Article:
Horsetail Fall transforming into a Firefall in Yosemite National Park (Credit: Scfry/Public domain/ Wikimedia Commons)

Located in California's Sierra Nevada mountains, Yosemite National Park is famous for its giant, ancient sequoia trees and impressive rock formations, like El Capitan and Half Dome. However, from mid-to-late February each year, the pristine preserve's main attraction is Horsetail Fall — a temporary waterfall that flows over the eastern edge of El Capitan every winter. During the brief two-week-period, the 1,500-foot-tall waterfall frequently transforms into a spectacular natural Firefall.

For the natural phenomenon to occur, many conditions have to be perfectly aligned. For starters, there must be adequate snow, and the temperatures have to be warm enough for it to melt and form the temporary waterfall. During dry, or exceptionally cold, years, Horsetail Fall is reduced to a trickle, or fails to form altogether. The skies also have to be completely clear and cloudless, since even a slight haze can ruin the illusion of fire tumbling down the cliffs. Most importantly, the sun has to strike the water at a certain angle to light up the upper part of the falls, creating the distinctive, deep orange glow, reminiscent of a lava flow. Even if all the conditions are met, the wondrous spectacle, which occurs about 5 to 15 minutes before sunset, lasts just a few minutes.

Even with perfect conditions, the stunning Firefall only appears for a few minutes each day ((Credit: Ambitious Wench - originally posted to Flickr as P2160903.jpg/ CC BY-SA 2.0,/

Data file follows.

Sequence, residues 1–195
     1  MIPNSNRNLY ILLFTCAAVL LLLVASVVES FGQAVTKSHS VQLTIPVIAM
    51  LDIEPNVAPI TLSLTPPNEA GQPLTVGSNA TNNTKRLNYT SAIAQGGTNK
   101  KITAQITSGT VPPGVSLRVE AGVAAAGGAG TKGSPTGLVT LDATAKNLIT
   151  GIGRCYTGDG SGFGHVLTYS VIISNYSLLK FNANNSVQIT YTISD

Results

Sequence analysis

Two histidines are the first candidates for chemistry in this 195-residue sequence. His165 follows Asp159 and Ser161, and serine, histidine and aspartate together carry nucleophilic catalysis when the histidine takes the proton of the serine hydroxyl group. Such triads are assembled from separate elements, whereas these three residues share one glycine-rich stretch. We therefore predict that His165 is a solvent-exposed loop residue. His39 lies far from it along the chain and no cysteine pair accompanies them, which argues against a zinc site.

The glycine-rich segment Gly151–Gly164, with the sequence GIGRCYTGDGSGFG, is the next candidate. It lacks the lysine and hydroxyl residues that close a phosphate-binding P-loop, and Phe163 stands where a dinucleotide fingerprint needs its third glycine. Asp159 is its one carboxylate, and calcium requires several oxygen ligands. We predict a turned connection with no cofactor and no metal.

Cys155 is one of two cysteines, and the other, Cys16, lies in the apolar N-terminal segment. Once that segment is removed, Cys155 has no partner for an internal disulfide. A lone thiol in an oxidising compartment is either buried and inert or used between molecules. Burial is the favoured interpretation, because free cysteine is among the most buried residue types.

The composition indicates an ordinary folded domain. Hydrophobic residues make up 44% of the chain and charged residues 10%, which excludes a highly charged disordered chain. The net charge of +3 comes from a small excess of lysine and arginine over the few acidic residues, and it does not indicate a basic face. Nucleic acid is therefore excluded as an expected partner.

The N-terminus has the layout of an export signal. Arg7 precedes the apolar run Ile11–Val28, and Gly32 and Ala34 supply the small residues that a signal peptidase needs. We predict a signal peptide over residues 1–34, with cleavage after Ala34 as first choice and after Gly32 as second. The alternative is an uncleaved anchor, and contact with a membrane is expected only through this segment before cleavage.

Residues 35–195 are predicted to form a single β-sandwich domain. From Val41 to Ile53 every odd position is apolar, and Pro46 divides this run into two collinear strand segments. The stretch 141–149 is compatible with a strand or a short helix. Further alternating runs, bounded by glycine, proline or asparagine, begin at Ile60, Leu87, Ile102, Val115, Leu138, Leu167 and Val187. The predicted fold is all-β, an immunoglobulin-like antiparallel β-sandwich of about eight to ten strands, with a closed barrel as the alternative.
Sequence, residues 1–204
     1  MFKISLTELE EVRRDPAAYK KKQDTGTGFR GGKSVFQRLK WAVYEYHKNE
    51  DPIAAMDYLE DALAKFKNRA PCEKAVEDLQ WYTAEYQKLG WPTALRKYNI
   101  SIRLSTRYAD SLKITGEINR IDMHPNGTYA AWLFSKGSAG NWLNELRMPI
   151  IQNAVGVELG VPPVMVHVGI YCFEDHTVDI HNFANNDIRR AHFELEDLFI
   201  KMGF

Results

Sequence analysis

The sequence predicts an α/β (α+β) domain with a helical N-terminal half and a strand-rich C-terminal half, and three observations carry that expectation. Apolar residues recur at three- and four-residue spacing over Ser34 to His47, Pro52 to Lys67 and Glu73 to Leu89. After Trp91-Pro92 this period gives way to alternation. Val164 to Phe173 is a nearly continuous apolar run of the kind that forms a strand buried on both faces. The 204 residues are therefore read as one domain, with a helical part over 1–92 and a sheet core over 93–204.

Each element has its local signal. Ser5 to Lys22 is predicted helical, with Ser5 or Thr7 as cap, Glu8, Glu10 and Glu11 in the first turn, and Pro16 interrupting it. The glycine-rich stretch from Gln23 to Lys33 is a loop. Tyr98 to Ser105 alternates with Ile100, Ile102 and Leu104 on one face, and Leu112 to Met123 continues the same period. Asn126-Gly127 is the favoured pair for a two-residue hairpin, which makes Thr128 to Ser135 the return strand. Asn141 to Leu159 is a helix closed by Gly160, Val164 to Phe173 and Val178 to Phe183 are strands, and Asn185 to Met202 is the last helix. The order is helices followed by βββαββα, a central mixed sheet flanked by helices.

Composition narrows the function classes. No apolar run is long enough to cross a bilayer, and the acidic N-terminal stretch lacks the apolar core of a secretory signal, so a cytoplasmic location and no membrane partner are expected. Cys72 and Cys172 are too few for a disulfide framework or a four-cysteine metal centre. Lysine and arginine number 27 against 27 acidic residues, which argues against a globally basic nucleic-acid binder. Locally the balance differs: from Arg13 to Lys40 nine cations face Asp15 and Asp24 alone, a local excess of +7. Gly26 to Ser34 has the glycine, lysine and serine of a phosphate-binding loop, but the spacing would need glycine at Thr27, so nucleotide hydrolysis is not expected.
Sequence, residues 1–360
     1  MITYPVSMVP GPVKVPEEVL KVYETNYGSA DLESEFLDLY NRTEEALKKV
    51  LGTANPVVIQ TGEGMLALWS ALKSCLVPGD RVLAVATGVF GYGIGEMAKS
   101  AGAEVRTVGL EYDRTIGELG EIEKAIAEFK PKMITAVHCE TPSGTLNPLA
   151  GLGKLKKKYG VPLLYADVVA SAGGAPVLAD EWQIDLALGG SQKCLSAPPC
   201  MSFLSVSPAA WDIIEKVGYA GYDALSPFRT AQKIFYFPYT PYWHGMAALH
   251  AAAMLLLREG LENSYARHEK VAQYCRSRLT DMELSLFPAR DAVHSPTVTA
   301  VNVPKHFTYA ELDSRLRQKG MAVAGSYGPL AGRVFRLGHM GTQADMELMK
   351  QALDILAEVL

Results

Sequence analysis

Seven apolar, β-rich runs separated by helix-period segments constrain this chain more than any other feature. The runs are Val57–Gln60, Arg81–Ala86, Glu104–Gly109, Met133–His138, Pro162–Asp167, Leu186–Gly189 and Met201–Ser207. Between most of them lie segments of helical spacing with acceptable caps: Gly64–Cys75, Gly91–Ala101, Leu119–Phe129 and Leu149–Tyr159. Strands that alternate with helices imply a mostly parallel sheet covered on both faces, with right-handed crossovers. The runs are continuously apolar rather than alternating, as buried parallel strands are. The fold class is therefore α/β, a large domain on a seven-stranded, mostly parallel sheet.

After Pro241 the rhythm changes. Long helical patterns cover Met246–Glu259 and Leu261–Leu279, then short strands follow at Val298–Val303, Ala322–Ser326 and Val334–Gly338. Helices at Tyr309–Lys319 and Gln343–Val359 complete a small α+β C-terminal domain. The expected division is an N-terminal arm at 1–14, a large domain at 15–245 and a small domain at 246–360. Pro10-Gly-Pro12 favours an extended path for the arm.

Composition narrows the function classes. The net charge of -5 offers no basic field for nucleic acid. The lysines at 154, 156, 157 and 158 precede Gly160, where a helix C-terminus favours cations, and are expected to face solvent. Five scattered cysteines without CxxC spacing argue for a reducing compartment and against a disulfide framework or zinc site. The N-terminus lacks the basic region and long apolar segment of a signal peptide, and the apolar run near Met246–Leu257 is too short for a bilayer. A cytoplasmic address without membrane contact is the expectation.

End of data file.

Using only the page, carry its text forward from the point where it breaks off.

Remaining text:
The Yosemite Firefall has been popular with both professional and amateur photographers since the 1940s. However, thanks to social media, its fame has risen to new heights in the past few years. Things came to a head on February 22, 2019, when a record 2,200 people crammed into the small viewing areas to observe the light show. In their quest to get a glimpse of the fleeting natural phenomenon, the visitors spilled onto riverbanks and trampled over sensitive vegetation. They also left behind large amounts of trash.

To prevent a repeat of the unfortunate incident, every February, park officials close off the paths to the two easily accessible viewing areas. Visitors hoping to catch a glimpse of the Firefall now have to park in designated lots and hike 1.5 miles (each way) to get to the only open viewing spot. This year, to ensure COVID-19 social-distancing protocols are observed, visitors will require a reservation to enter the park from February 8 to February 28, 2021, reducing the crowds even further.